Increased SF2/ASF expression correlates with exon 16 inclusion in differentiated erythroid cells
Using the MELC culture system that supports terminal erythroblast proliferation and differentiation, we have shown that exon 16 is preferentially included in mature 4.1R mRNA in induced MELCs.8 In this study, we further enriched the undifferentiated and differentiated populations via flow cytometry in order to distinguish MELCs at different developmental stages. We collected MELCs grown on fibronectin-coated dishes at 0, 2, 4, and 6 days after DMSO-induced differentiation, double-labeled them for erythroid-specific TER119 and nonerythroid transferrin receptor (CD71), and analyzed them via flow cytometry.43 The day-0 cells contained mainly the CD71highTer119low cells (Figure 5A Day 0). Day 2, 4, and 6 cells shifted from a less mature population of CD71highTer119low to a more mature population of CD71lowTer119high (Figure 5A Day 2, Day 4, and Day 6). After we stained CD71highTer119low and CD71lowTer119high populations sorted at day 4 (Figure 5B) with May-Grünwald Giemsa (Figure 5C), their morphologies resembled erythroblasts at different development stages, with CD71highTer119low being the least differentiated with large and light-stained nuclei (Figure 5C CD71+) and CD71lowTer119high as having the most differentiated with small and dense nuclei (Figure 5C TER119+).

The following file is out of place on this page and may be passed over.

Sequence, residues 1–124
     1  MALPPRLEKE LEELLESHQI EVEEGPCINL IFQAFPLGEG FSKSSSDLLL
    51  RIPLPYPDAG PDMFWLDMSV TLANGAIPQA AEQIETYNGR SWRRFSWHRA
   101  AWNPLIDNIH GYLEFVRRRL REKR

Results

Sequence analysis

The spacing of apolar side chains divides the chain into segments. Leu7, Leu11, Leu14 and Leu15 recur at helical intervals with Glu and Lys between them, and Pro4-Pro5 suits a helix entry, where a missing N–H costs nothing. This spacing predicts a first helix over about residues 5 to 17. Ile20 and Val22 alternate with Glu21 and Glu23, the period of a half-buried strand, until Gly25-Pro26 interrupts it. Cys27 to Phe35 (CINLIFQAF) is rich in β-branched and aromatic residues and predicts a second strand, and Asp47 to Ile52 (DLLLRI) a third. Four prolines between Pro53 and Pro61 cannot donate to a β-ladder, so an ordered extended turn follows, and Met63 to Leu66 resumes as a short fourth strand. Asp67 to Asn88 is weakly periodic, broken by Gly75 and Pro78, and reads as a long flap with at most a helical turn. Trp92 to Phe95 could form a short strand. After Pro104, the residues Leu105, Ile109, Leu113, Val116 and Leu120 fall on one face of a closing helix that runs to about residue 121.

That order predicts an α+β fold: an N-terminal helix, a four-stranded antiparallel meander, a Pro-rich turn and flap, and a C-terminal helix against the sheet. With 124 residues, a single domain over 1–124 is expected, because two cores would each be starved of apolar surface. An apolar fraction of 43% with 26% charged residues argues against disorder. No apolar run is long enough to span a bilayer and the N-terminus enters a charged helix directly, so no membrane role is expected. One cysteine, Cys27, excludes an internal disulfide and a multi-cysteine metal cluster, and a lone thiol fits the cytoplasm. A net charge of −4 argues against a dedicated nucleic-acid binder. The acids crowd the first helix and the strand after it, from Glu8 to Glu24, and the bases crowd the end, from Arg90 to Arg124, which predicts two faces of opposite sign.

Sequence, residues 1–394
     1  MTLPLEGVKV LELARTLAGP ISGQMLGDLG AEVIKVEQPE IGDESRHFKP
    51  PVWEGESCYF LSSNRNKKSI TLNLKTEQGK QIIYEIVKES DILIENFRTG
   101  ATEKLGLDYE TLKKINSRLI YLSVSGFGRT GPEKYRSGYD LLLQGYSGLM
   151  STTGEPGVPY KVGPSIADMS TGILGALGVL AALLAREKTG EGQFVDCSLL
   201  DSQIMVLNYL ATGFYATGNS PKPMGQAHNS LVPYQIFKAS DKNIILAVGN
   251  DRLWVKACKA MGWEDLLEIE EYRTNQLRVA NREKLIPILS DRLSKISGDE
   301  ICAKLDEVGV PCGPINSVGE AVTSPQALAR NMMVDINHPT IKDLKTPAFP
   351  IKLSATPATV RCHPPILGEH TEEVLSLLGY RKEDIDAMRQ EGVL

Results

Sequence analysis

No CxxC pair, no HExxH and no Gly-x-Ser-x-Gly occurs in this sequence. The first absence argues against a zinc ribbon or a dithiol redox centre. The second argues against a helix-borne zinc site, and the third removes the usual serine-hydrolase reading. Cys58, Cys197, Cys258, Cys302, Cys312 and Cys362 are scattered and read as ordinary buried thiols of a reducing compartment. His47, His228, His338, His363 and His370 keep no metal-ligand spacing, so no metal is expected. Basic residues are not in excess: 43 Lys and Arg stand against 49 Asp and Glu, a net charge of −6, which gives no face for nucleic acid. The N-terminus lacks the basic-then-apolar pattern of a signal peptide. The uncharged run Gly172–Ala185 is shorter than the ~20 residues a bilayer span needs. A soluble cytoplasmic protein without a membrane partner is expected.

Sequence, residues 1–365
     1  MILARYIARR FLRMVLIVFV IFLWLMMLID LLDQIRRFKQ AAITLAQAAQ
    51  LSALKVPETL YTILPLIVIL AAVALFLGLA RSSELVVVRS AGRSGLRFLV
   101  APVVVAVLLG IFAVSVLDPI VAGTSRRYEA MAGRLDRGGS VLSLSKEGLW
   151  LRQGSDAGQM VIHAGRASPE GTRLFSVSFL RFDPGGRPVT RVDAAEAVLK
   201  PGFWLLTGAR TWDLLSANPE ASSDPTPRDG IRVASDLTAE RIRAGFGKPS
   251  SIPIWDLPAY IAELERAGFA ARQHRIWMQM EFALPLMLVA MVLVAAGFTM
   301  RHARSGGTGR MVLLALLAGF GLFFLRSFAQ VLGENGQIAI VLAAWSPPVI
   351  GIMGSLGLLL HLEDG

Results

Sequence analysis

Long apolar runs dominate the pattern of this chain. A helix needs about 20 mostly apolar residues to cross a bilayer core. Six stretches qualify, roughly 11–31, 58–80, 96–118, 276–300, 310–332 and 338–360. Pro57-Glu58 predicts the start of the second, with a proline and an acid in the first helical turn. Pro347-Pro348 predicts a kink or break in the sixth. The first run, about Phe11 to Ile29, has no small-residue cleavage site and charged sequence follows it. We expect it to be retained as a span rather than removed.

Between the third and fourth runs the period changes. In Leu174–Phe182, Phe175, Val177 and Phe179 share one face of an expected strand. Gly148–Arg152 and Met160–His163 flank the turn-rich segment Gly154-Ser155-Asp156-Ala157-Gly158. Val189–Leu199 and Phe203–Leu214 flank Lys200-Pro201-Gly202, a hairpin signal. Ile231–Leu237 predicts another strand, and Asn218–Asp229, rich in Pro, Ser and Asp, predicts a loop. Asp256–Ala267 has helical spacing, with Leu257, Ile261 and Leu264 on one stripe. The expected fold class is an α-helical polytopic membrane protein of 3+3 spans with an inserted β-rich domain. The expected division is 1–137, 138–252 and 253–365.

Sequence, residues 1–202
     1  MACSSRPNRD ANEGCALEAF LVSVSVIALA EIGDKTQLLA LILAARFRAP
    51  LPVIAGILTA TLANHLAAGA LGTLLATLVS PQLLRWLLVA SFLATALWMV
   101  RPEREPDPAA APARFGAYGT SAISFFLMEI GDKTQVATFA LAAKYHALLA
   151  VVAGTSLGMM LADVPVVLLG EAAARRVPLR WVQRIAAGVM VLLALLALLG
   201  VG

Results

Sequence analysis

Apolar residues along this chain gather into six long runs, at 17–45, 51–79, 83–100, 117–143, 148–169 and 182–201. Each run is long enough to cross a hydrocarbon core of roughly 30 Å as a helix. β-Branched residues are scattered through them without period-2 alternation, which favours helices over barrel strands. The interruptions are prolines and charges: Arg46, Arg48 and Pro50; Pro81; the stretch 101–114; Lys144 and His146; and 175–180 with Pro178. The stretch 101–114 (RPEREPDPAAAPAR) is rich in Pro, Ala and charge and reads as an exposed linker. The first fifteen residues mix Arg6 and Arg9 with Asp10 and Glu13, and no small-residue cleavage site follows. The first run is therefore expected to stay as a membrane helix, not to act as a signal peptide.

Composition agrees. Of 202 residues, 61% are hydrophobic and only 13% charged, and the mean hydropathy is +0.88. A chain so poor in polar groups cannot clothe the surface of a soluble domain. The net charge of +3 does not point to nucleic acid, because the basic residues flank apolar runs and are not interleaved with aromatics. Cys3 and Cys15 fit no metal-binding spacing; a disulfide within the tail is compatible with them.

This system allowed us to analyze the timing of SF2/ASF expression and exon 16 splicing. We used Western blotting with an anti-SF2 antibody to analyze SF2/ASF expression. We observed an approximately 3- to 5-fold increase in SF2/ASF expression in the CD71lowTer119high population compared with the CD71highTer119low population (Figure 5D SF2/ASF). We also examined exon 16 splicing via RT-PCR analysis (Figure 5D Exon 16). Exon 16 expression also increased in the CD71lowTer119high population to approximately 40%; the less mature CD71highTer119low population showed only approximately 10% exon 16 inclusion. Thus, SF2 expression correlates with exon 16 inclusion in differentiated MELCs.
Exon 16 expression in 4.1R is required during late erythroid differentiation for 4.1R to interact with spectrin and actin.7-10 Earlier, we demonstrated how the complex interplay of positive and negative regulatory signals in the pre-mRNA controls the developmental stage–specific splicing of exon 16.27 In this study, we identified 3 novel ESEs within the earlier reported ESS sequences.27,28 We showed that an ESE (CAGACAT) functions as a binding site for the SR protein SF2/ASF. We further established the physiologic importance of this interaction by demonstrating that changes in the level of endogenous SF2/ASF protein expression can mediate an important 4.1R exon 16 pre-mRNA splicing switch during erythroid differentiation.